Comment: Déise golden generation at crossroads if Derek McGrath goes
Waterford cannot afford to let talented side break up after campaign dogged by setbacks
Speaking back in January, Waterford's midfield star Jamie Barron left no doubt as to the significance of Derek McGrath's decision to remain at the helm for 2018.
McGrath had agonised over whether to stay on in the wake of their All-Ireland final defeat to Galway. His sacrifice had been significant. He had spoken openly about how he had taken a career break from teaching and the impact the job had on his home life as he bid to lead the county to the promised land.
Eventually he settled on another throw of the dice and Barron insisted the decision was huge for the county's hurlers.
"It was massive for us," he said. "The trust that we have in Derek and he has in us is unbreakable and if he was to go it might have set us back a year or two. We're delighted himself Dan (Shanahan) and Eoin Murphy have decided to stay on, I think its a one-year contract so we'll be putting everything we can to try and get over the line.
"He's only after getting a one-year contract so it's looking like he will step away and he has a young family which is hard to deal with ... he's not that old he's only 40 or that but I think family has to come before sport."
In various interviews over the remainder of the season, the Waterford hurlers generally gave the impression that this was the last twist for McGrath and his management team.
And the decision of McGrath to stay on seems to have been the last thing that has broken the way of the Waterford hurlers. And now speculation is rife about whether McGrath's future after a season that has seen them endure a remarkable run of bad luck.
Ahead of a campaign where panel depth was likely to be more important than ever, there were defections from the panel in Shane and Kieran Bennett. The league eventually ended in relegation but they were never allowed to build up any momentum. Star man Austin Gleeson picked up a cut on his ankle that would otherwise have been innocuous enough but it got infected and ruled him out for a period.
In the midst of that doomed campaign, it was confirmed that Walsh Park wasn't suitable to hold their home games for the round-robin matches in the Munster SHC. And even their second choice - Nowlan Park in Kilkenny - was ruled out because it was outside the province.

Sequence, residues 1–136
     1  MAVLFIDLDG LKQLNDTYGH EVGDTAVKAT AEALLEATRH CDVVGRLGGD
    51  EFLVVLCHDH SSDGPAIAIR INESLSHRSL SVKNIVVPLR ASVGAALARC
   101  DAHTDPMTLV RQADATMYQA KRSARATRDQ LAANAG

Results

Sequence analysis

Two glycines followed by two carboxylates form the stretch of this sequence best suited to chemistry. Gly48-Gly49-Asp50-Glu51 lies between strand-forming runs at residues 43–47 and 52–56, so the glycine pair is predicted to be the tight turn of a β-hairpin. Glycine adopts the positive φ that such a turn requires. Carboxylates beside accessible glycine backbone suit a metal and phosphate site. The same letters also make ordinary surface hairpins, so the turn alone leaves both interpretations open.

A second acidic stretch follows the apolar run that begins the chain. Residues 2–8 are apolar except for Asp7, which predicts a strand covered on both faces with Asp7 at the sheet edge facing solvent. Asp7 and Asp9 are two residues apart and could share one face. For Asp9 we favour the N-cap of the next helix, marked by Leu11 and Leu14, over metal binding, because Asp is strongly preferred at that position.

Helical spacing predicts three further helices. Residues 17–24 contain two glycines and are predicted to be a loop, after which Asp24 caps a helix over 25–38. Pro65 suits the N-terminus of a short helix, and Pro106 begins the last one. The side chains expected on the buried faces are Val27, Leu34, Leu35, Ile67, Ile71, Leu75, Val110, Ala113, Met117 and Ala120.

Instead Waterford would be playing their home matches in Thurles and Limerick. It felt like a significant setback at the time but the results of the round-robin series have shown just how important home advantage is.
Seven games have been played at home in the competition so far and just one team has lost in their own back yard. That reversal came in last weekend's thriller in Semple Stadium when Clare timed their run brilliantly to end Tipperary's interest in the championship this summer. But otherwise home teams have been undefeated.
In a championship where small margins are deciding games, it's more than a little significant. And there's more bad news for Waterford in that it's unlikely Walsh Park won't be ready to host a Munster Championship game - which it hasn't done since 2002 - until 2020.
The schedule was as difficult as it could have been too. McGrath's men were given their bye on their first weekend of the new competition, meaning they'd play four SHC games in just 21 days.
That schedule surely contributed to their freakish bad luck with injures. Gleeson and Pauric Mahony couldn't even tog out for the Clare game and worse was to come. Tadhg de Búrca, Darragh Fives and Barry Coughlan were all forced off, while Kevin Moran was sent off the same day.
To give some context to the extent of their losses, they finished that day with just five of the side that started the All-Ireland final the previous year. Then came the clash with Tipperary and the 'Ghost goal' that let Tipp snatch a draw.
Given the way the season has unfolded, they must have spent the winter breaking mirrors and walking under ladders.
And now McGrath must make a choice. There would likely be some peace for him if they had played to the potential. Then perhaps he could walk away. But after their 'lost season' there is surely a temptation to go again in the knowledge 2019 could only be better than this year.
However, if the speculation that he is to announce the end of his five-year term proves correct, then the Waterford County Board will be charged with finding a replacement.
The current Déise group remains one of the most talented bunches the county have produced in years. And while veterans like Michael 'Brick' Walsh and Kevin Moran are coming towards the end of their career, most of the rest of the panel look to be heading for their peak years.
Seán Power would look to be the obvious choice from within given his pedigree. He steered the county to All-Ireland minor in 2013, the first for the county since 1948. Austin Gleeson, Shane and Stephen Bennett, Patrick Curran and Tom Devine among others were part of that side. He then delivered the U-21 All-Ireland title in 2016 title in no little style with many of the faces that populate the panel now involved in that win.
The county has tasted success with big name appointments from outside too. Davy Fitzgerald and Ger and Justin McCarthy have all delivered big moments for the Déise in the past.
If McGrath moves on, the county will be faced with one of the most significant appointments in years and their golden generation at a crossroads.